ASF Announces Recipients of the 2022 Suzanne Wright Memorial Research Accelerator Grants

These grants support studies related to gastrointestinal issues in autism, improving quality of life for people with profound autism, and validating an autism diagnostic tool for use online

NEW YORK — August 24, 2022 — The Autism Science Foundation (ASF), a nonprofit organization dedicated to funding innovative autism research and supporting families facing autism, today announced the recipients of the newly renamed Suzanne Wright Memorial Research Accelerator Grants. Three grants are being awarded to expand the scope, speed the progress, and increase the efficiency of active autism research grants.

This year’s grantees are:
– Dr. Calliope Holingue of Johns Hopkins University, who is studying ways to expedite our understanding of gastrointestinal issues in autistic adults.
– Dr. Elizabeth Kaplan-Kahn of the Children’s Hospital of Philadelphia, who is studying ways to improve quality of life measures for individuals with profound autism.
– Dr. Yael G. Dai and Dr. Daina M. Tagavi of Boston University, who are studying the validity of the RISE Communication Play Protocol (RISE-CPP), an autism diagnostic tool that has been modified to be used online.

ASF renamed its Accelerator Grants this year in honor of pioneering autism advocate Suzanne Wright. Suzanne, who died in 2016, co-founded Autism Speaks in 2005 after her grandson was diagnosed with autism. She raised millions of dollars to fund autism research and help families impacted by autism.

“The Accelerator Grants are exactly the kind of funding mechanism that Suzanne would have loved because she was all about urgency and removing barriers to research,” said ASF Co-Founder and President Alison Singer. “We are proud to fund these three grants, which are all poised to make a positive difference in the lives of people with autism.”

The following projects were selected for 2022 funding:

Expediting Our Understanding of Gastrointestinal Issues in Autistic Adults
Dr. Calliope Holingue  
Johns Hopkins University/Kennedy Krieger Institute

Up to 90% of people with autism experience GI distress. Although these symptoms often occur in children and adults, there is a lack of research focused on addressing GI dysfunction in autistic adults. A current study is gathering input from a group of autistic adults in order to develop a set of recommendations for improving GI health in adults. This grant will provide funding to expedite data collection, analysis, and dissemination of the outcomes of this study so that results can be seen up to a year earlier.  These recommendations will shape future research by prioritizing the most relevant GI concerns identified by autistic adults and interdisciplinary collaborators, leading to the development of better treatments and overall approaches to GI health in people with autism.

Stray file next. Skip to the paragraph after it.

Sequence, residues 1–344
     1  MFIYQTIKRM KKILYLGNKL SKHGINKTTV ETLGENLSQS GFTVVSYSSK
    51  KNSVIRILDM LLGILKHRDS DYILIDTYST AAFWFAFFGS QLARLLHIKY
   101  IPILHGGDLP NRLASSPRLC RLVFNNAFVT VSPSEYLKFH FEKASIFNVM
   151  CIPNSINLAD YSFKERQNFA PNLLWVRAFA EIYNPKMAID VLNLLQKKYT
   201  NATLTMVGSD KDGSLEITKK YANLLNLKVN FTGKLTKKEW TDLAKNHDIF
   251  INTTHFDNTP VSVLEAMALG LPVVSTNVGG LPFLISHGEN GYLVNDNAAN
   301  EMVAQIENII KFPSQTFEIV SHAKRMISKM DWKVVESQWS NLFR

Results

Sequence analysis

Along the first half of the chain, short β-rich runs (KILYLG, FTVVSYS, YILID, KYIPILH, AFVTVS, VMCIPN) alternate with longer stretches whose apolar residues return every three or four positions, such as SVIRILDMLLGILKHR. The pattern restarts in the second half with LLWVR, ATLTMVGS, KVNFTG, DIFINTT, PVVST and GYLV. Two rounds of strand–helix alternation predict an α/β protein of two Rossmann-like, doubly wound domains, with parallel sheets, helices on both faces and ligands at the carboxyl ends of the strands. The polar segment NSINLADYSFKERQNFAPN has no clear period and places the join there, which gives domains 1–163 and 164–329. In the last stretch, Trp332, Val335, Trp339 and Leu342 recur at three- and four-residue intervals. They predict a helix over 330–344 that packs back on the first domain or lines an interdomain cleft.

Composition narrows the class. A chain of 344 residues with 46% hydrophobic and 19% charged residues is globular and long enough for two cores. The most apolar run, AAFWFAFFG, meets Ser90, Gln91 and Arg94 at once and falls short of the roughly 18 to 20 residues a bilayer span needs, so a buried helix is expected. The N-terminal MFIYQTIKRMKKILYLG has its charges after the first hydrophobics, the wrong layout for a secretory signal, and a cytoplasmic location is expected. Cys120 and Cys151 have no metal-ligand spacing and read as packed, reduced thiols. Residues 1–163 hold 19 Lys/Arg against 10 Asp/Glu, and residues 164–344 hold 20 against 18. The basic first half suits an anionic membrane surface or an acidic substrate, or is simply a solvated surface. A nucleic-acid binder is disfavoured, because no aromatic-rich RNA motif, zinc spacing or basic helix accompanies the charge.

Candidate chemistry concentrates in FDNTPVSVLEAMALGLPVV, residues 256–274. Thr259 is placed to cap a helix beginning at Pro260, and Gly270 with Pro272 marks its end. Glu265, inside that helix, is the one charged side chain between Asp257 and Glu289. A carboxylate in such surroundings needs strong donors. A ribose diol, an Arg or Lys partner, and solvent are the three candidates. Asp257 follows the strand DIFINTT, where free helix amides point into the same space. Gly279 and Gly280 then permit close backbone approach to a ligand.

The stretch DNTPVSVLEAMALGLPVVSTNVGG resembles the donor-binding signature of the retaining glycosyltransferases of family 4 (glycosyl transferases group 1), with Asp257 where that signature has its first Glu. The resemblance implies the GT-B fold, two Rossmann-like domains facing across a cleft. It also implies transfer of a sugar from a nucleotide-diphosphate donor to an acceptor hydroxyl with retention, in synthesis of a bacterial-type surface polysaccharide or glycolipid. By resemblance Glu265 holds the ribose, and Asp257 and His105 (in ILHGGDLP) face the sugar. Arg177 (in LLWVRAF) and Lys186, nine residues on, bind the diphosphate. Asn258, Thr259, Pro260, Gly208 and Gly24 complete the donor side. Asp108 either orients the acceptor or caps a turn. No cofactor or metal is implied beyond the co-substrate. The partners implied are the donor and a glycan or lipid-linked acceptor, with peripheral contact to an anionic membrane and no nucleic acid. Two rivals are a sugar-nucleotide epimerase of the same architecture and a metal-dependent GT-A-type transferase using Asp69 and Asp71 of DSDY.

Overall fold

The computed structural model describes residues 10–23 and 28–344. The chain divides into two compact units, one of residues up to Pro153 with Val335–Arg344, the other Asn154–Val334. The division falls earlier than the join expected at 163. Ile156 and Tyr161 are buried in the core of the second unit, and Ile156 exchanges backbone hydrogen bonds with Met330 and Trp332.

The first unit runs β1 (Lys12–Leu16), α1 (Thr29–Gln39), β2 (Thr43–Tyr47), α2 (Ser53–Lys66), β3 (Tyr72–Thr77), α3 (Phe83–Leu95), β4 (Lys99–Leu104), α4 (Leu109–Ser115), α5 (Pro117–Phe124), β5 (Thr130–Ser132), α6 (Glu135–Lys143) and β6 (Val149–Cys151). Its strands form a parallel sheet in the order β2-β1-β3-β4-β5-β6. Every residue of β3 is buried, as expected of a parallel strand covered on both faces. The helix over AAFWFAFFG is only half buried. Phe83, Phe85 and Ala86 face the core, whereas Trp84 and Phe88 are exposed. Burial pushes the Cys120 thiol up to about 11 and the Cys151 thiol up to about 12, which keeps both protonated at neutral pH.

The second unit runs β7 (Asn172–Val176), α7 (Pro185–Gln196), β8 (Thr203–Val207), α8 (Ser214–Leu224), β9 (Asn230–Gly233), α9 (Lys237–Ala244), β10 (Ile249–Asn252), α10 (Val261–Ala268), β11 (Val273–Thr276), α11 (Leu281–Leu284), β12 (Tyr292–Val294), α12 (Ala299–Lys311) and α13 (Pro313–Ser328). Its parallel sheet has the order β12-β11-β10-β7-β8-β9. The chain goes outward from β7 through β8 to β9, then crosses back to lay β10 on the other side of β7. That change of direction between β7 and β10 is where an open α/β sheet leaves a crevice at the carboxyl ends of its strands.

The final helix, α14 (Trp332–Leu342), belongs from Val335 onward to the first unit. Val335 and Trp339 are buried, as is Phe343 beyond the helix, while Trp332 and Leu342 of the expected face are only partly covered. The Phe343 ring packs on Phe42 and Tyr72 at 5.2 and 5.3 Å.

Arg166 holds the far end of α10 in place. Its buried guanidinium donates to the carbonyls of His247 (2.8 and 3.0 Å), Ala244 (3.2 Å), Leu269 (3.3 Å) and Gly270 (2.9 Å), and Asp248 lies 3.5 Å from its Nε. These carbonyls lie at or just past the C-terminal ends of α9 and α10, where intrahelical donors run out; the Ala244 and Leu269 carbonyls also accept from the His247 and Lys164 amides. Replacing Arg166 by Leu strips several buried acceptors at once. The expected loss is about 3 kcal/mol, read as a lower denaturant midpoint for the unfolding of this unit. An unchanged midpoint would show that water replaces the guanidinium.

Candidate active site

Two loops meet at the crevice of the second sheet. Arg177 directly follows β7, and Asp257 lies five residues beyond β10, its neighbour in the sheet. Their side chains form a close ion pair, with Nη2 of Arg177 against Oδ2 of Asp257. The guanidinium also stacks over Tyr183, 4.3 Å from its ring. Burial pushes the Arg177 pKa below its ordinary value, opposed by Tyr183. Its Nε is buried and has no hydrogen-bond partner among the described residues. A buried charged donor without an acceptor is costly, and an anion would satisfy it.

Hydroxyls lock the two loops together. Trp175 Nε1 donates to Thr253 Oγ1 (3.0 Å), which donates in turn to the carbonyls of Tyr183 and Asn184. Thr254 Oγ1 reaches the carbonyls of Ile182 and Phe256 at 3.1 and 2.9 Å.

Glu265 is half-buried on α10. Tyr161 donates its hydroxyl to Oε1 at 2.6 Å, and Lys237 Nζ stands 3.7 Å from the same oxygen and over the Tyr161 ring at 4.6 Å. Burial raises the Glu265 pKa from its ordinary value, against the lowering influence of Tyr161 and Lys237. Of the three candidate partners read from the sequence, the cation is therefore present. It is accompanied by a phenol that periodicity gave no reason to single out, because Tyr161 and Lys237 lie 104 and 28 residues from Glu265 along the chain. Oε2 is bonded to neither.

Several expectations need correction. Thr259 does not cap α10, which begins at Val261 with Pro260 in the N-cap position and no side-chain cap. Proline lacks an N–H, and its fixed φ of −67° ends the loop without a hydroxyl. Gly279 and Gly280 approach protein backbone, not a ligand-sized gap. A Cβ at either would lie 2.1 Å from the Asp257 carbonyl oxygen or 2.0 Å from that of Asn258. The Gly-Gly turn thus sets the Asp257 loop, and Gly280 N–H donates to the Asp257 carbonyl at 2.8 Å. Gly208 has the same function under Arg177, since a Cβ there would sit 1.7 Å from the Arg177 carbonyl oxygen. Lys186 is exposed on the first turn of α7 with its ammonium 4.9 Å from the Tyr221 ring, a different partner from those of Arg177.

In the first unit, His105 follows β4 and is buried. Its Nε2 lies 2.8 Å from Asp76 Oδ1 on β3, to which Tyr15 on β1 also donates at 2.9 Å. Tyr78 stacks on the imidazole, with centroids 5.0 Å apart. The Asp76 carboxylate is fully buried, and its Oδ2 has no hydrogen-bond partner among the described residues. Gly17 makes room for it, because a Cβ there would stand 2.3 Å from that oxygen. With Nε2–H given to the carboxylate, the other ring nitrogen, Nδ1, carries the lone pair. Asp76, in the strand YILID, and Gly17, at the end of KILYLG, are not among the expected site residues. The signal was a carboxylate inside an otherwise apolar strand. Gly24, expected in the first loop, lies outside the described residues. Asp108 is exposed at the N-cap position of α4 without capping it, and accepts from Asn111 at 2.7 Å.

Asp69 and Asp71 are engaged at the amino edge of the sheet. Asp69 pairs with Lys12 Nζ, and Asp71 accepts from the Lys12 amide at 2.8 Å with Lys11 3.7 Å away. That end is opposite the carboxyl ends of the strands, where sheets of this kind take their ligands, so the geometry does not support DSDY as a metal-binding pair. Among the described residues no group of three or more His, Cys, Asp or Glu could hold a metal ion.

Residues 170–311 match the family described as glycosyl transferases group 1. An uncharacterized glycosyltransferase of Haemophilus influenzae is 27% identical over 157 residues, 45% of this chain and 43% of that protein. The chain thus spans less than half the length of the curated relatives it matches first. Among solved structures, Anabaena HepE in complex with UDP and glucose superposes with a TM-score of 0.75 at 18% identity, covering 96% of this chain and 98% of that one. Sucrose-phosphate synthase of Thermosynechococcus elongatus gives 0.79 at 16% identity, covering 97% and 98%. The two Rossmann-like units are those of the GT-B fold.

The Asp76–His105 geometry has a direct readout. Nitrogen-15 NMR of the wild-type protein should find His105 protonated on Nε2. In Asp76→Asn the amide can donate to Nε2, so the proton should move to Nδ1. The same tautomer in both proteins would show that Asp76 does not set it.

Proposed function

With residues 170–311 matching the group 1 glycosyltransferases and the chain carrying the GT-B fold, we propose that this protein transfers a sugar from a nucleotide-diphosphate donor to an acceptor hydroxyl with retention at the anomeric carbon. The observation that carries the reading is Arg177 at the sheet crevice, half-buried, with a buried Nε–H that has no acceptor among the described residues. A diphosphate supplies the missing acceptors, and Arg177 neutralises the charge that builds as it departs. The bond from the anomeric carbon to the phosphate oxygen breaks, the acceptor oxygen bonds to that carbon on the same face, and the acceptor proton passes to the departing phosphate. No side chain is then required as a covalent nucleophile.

Improving QoL Measures for Minimally Verbal Autistic Children with Cognitive Disability
Dr. Elizabeth Kaplan-Kahn
Advisor: Dr. Judith Miller
The Children’s Hospital of Philadelphia

Quality of Life (QoL) outcome measures have traditionally excluded autistic individuals with minimal verbal ability or cognitive disability. The Patient-Reported Outcomes Measurement Information System (PROMIS®) Autism Battery – Lifespan (PAB-L) is a
recently developed instrument to measure autistic QoL across the lifespan. Although PAB-L has been shown to be an acceptable QoL measure in autism, nonverbal people with cognitive disability were underrepresented among participants in the original validation studies. This grant will expand the research on the PAB-L to examine whether it is appropriate in those with profound autism, and also determine what changes, if any, should be made to effectively measure quality of life in this underserved population.
Validating an Online Autism Diagnostic Tool 
Dr. Yael G. Dai
Dr. Daina M. Tagavi
Advisors: Dr. Alice Carter, Boston University and Dr. Wendy Stone, University of Washington
University of Massachusetts, Boston

Early intervention is vital for children on the autism spectrum but is often only available after a formal diagnosis. Because of the COVID- 19 pandemic, many assessments are now conducted online. This change has sometimes occurred without studying whether modifications made to support online assessments affect the outcomes of the assessments. Researchers at the University of Massachusetts Boston, the University of Washington, Rush University Medical Center, and Michigan State University recently adapted an assessment protocol (the Communication Play Protocol; CPP), to be conducted as an online assessment of ASD (RISE-CPP). ASF’s funding will allow researchers to determine if clinicians can diagnose ASD online using the RISE-CPP protocol as accurately as they can using traditional in-person assessments. An online version has the advantages of possibly reaching a more diverse community and improving opportunities for early intervention.


About the Autism Science Foundation
The Autism Science Foundation (ASF) is a 501(c) (3) public charity. Its mission is to support autism research by providing funding to scientists and organizations conducting autism research. ASF also provides information about autism to the general public and serves to increase awareness of autism spectrum disorders and the needs of individuals and families affected by autism. To learn more about the Autism Science Foundation or to make a donation, visit  
Media Contact
Kathy Ehrich Dowd
Autism Science Foundation